Introduction & Advice
If you're playing Fallout 2 without first having played Fallout 1, I'd recommend you find a copy of the first game and pick it up. The graphics are based on the same engine and nearly identical, though the Fallout 2 world is larger and slightly more diverse. Fallout 1 has a little more cohesion to it in my opinion, plus just about all the high-technology you'll find in F2 is there as well. The main differences between the two are the length--Fallout 2 is much larger--no time limit in F2, slightly more weapons in F2 (though none that make a big difference... the most powerful from F1 are the most powerful from F2), and quests that can be completed in many more ways in F2. With that said, both are absolutely fantastic games and you should have just as much fun with either, which is why the recommendation to not sell the first one short.

Make sure you are playing the patched 1.02 version of Fallout 2 before beginning, as saves with the 1.0 version will not work and the patch updates the game considerably. You can find a link to it in our Download section.


This walkthrough is meant to be a fairly quick run-through, yet will attempt to cover the main quests. This is mainly because there are so many ways to play the game, and frankly, it's best if you discover some of the alternative options yourself. It will, however, walk you through getting the most powerful weapons and armor in the game. On that subject, whenever you're interested in finding out all that's available to you during the game, check out our complete equipment section.

In Fallout 2, there are no classes. The stats and skills you choose at the beginning make a substantial impact on defining your character, and how you spend the future skill points and perks at various levels will round him/her out. It's possible and very viable to play as both a sniper-type, a diplomat, a bruiser, stealthy assassin, or any type of combination, and equally possible to shift midway through the game to another lateral type; it's all in the stats.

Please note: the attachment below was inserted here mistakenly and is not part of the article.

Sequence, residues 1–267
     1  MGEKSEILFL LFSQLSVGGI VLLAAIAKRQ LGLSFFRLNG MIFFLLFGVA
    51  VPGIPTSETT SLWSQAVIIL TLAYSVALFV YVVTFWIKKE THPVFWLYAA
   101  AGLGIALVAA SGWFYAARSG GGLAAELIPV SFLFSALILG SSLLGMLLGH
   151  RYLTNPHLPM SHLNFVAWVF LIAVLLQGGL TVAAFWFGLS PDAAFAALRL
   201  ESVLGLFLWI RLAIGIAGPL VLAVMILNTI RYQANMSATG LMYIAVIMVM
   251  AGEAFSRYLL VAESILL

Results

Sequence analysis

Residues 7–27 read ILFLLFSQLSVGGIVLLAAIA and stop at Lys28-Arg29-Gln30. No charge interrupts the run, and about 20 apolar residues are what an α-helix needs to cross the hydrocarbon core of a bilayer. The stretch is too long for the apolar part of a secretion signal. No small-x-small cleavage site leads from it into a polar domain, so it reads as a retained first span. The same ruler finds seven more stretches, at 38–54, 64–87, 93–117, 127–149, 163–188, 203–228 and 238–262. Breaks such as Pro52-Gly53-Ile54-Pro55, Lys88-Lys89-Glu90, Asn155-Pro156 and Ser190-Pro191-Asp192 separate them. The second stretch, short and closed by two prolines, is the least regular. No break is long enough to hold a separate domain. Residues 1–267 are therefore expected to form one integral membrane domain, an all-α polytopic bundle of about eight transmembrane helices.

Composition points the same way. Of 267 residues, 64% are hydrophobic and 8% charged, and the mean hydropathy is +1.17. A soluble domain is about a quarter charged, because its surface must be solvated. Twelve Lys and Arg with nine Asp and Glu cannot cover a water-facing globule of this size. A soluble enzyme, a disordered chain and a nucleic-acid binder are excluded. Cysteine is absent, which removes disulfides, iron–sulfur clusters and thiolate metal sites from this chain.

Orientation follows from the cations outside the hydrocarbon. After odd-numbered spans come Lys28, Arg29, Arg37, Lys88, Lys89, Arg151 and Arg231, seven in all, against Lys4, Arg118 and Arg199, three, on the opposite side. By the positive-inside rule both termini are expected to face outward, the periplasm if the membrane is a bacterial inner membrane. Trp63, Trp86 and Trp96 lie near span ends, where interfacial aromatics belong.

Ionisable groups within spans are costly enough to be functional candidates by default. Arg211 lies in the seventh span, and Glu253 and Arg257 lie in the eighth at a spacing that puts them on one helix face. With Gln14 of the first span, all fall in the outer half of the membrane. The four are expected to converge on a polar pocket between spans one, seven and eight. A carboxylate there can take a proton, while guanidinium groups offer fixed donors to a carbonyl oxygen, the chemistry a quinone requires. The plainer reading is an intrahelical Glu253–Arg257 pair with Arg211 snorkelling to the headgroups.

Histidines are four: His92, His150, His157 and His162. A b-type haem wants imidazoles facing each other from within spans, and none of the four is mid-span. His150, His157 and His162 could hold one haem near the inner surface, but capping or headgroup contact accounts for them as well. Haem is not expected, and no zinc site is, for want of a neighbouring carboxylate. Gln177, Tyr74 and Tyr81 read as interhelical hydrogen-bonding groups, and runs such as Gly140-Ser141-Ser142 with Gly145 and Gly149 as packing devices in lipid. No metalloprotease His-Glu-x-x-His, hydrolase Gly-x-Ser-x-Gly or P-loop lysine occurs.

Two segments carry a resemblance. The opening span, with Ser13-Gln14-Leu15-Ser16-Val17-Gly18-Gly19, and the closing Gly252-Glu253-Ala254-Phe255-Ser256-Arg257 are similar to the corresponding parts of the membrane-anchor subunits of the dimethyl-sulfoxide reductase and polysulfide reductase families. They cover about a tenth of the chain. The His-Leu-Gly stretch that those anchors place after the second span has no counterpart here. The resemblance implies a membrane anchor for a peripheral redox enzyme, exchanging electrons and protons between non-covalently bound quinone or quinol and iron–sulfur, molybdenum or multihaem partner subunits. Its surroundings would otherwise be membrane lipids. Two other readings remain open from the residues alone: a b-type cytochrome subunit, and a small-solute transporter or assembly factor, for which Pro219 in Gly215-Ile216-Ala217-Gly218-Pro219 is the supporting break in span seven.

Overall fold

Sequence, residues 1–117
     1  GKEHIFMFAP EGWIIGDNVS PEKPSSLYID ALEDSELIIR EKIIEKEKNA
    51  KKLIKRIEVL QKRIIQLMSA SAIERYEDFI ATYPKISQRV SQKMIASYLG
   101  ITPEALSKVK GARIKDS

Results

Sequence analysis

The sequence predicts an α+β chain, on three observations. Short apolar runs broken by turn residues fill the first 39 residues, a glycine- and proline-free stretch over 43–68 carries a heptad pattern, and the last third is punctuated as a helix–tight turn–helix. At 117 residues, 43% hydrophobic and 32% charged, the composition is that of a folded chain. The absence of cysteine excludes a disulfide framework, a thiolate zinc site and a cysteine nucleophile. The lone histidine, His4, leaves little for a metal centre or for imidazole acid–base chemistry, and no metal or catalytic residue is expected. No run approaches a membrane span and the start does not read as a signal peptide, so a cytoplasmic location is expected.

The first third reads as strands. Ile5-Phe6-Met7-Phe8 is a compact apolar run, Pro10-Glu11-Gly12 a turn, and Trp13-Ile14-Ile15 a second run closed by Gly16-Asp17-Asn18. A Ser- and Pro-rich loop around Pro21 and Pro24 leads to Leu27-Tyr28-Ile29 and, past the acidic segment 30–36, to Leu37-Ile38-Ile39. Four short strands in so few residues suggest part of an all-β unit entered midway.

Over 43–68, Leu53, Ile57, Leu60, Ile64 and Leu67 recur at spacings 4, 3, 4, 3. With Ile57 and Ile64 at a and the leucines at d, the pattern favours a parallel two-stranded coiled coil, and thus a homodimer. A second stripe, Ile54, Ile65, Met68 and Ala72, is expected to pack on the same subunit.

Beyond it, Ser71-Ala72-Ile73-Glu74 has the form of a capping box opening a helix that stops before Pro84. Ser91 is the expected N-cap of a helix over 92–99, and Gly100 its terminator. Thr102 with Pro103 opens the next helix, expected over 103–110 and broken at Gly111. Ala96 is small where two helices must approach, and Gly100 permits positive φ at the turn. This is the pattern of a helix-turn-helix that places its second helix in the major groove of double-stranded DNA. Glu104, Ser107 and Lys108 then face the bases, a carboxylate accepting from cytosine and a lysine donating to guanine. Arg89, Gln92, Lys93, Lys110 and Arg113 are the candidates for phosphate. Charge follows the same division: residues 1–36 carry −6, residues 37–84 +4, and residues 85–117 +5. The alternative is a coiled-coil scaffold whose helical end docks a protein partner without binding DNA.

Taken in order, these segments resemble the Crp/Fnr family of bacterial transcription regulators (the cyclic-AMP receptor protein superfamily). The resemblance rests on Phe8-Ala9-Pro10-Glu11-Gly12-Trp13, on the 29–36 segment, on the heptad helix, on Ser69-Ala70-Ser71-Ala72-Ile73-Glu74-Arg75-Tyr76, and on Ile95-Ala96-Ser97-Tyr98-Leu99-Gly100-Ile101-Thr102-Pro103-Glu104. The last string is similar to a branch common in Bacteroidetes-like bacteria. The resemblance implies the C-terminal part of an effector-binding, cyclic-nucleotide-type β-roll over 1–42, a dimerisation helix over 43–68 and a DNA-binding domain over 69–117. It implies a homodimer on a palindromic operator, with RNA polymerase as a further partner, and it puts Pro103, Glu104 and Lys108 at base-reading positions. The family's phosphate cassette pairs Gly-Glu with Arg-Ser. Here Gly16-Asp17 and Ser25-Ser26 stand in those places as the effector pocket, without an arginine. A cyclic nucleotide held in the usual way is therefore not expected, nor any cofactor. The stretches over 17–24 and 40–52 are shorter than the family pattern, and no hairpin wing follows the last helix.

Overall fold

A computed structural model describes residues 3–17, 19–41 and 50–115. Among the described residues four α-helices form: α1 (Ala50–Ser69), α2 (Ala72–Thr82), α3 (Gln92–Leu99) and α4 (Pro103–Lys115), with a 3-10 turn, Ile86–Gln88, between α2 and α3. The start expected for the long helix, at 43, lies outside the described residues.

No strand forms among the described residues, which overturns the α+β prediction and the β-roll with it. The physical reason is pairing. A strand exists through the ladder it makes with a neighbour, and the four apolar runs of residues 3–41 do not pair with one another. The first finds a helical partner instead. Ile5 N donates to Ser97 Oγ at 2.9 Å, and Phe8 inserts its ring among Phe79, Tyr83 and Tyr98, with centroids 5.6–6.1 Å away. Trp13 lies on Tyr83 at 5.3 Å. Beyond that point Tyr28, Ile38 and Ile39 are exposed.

With that in mind, there are a few recommendations for stats and perks I can make to facilitate your progress in the game.

Primary Stats:

Think about what type of character you want to play first and base your stats upon that type of character; that's part of the fun. The highest any stat can be is 10. At some points of the game, you'll be able to (if you play your cards right) increase a number of stats by one or more. Because of this, consider not going above 9 for any of them. It's another option. Also, take a look at the Optional Traits before finalizing your primary stats. Several of them modify one or more primary stats. The "Gifted" trait is perhaps the most beneficial optional trait in the game, but does come with a slight penalty, as do they all.


A higher strength allows you to carry more items, which is always a good thing in this game. Many weapons will require a minimum strength to use effectively, and though you may use them with an insufficient strength, your chance of a misfire will increase. It also influences melee damage modifiers. A tip: the Power Armor increases Strength by 3, and Adv. Power Armor by 4, so unless you're going for a brute character, ease off this attribute at the beginning.